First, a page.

- People commonly mistake Bassetoodles for a French purebred called the Petit Basset Griffon Vendeen.
Physical Traits of the Bassetoodle
A Bassetoodle truly looks like a perfect mix of a Basset Hound and a Poodle since it takes on traits from both of the parent breeds.
Regarding the Bassetoodle’s size, it will most commonly feature a small stature and will rest close to the ground.
This is because of its short legs, which is specific to the Bassetoodle.
Keep in mind that not every single Bassetoodle will come in the same size because some dogs come larger than what is the Bassetoodle standard.
Ultimately, the size of the Bassetoodle will entirely depend on the size of the Poodle that was utilized during the breeding process.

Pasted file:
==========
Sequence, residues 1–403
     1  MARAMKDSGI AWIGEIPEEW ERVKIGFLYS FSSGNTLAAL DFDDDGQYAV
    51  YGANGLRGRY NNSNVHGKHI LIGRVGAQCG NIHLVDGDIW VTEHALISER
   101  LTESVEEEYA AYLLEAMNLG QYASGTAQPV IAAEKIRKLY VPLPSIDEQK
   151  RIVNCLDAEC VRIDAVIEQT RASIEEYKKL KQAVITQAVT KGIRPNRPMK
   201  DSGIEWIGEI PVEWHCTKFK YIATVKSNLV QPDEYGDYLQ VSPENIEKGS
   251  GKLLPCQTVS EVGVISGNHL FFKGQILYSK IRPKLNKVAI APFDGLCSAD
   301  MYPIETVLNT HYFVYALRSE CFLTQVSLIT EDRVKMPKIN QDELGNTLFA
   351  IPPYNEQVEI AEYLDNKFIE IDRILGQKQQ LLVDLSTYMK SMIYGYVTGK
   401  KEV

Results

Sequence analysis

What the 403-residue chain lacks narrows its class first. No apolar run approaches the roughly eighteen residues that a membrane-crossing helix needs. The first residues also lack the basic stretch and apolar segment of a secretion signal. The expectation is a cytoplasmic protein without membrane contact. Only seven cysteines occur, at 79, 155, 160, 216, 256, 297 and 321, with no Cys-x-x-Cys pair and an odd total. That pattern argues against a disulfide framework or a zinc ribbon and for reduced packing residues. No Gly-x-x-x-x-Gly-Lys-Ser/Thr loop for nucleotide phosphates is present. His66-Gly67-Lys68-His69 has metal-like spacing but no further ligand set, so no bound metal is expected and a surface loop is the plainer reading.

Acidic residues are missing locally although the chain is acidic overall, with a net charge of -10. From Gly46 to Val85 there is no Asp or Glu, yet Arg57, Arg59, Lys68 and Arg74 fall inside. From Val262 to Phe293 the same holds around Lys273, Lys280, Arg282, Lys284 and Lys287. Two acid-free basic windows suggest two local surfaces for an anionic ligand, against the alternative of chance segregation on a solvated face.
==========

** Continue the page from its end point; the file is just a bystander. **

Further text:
More often than not, a Bassetoodle will come with the facial features and fur type that’s similar to a Poodle. A predominant trait that this dog receives from its Basset Hound parent is its body.
The Bassetoodle’s fur normally grows to a medium length that can vary when it comes to color patterns.
When you run your hand through the fur of a Bassetoodle, you’ll notice its thick texture that can appear either wavy or straight.
Since the Bassetoodle gets its fur from the Poodle side of the family, you can expect it to be one hundred percent hypoallergenic.
This is a perfect dog to have around if you have kids because the Bassetoodle is full of life and won’t trigger any allergies.
How big is a full-grown Bassetoodle?
A full-grown Bassetoodle will only grow up to medium size. Even at its largest, this dog will stand low to the ground. In fact, you can expect it to measure about 12 to 13 inches tall.
In regards to its weight, the Bassetoodle will weigh about 22 to 30 pounds, which isn’t too heavy for a dog.
What is the life expectancy of the Bassetoodle?